27 June 2002 Microbubble dynamics around melanosomes irradiated with microsecond pulses
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Proceedings Volume 4617, Laser Tissue Interaction XIII: Photochemical, Photothermal, and Photomechanical; (2002) https://doi.org/10.1117/12.472539
Event: International Symposium on Biomedical Optics, 2002, San Jose, CA, United States
The origin of cell damage due to irradiation of the retina with microsecond laser pulses is most likely the disintegration of retinal pigment epithelial cells, which is caused by the formation of microbubbles around the strongly absorbing melanosomes within the cell. In order to get a more detailed understanding of the laser tissue interaction in the retinal pigment epithelium we irradiated a suspension of porcine melanosomes, which served as a model system, by a frequency doubled Nd:YLF laser emitting at 527 nm. We used pulse durations of 500 ns and 3.5 microsecond(s) . The formation of microbubbles around isolated melanosomes was imaged directly on a microscopic level by fast flash light photography. Near threshold radiant exposure for bubble formation, we found transient bubbles with diameters below 1 micrometers and lifetimes below 500 ns. Applying super-threshold irradiation stable bubbles with diameters up to 7 micrometers and lifetimes in the millisecond time regimen were observed. This can be explained by production of stable gas inside the melanosome due to laser heating.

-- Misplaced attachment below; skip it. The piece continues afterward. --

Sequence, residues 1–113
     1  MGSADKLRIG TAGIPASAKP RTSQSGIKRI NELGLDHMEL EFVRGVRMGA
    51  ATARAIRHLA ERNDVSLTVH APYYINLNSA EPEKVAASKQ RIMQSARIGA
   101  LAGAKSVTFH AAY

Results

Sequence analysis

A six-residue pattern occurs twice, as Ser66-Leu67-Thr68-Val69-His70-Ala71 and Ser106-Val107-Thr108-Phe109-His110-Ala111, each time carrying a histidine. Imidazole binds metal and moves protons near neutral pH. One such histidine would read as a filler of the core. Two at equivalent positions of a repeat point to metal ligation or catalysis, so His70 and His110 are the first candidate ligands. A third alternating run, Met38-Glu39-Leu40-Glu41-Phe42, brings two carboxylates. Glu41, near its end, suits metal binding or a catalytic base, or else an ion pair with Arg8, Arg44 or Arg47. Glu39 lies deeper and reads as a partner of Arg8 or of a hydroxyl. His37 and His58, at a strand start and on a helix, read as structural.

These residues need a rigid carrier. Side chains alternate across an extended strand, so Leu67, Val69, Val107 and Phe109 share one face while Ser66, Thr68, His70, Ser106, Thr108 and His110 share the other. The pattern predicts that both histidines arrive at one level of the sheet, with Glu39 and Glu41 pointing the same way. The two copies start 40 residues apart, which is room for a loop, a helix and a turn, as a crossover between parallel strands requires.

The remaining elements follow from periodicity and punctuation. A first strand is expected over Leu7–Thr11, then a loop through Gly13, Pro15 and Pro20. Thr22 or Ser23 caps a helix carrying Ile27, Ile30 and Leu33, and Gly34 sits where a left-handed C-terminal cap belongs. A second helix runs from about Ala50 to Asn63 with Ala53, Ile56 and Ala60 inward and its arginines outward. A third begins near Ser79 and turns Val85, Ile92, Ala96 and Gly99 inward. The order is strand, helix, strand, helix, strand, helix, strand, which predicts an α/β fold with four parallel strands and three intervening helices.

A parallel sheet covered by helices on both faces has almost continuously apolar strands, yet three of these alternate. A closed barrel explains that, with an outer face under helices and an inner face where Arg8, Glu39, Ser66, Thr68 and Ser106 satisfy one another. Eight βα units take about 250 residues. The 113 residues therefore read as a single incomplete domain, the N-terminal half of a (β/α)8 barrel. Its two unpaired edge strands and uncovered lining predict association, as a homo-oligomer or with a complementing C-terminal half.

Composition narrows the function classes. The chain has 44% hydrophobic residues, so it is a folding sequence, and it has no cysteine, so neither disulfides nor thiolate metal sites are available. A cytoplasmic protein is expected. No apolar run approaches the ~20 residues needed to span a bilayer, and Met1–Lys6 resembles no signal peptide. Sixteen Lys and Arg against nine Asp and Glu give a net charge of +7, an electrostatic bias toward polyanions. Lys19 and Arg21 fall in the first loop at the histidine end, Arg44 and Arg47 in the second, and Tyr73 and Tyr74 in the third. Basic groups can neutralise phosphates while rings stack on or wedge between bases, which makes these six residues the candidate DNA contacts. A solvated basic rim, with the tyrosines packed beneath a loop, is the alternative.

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Joerg Neumann, Joerg Neumann, Ralf Brinkmann, Ralf Brinkmann, } "Microbubble dynamics around melanosomes irradiated with microsecond pulses", Proc. SPIE 4617, Laser Tissue Interaction XIII: Photochemical, Photothermal, and Photomechanical, (27 June 2002); doi: 10.1117/12.472539; https://doi.org/10.1117/12.472539

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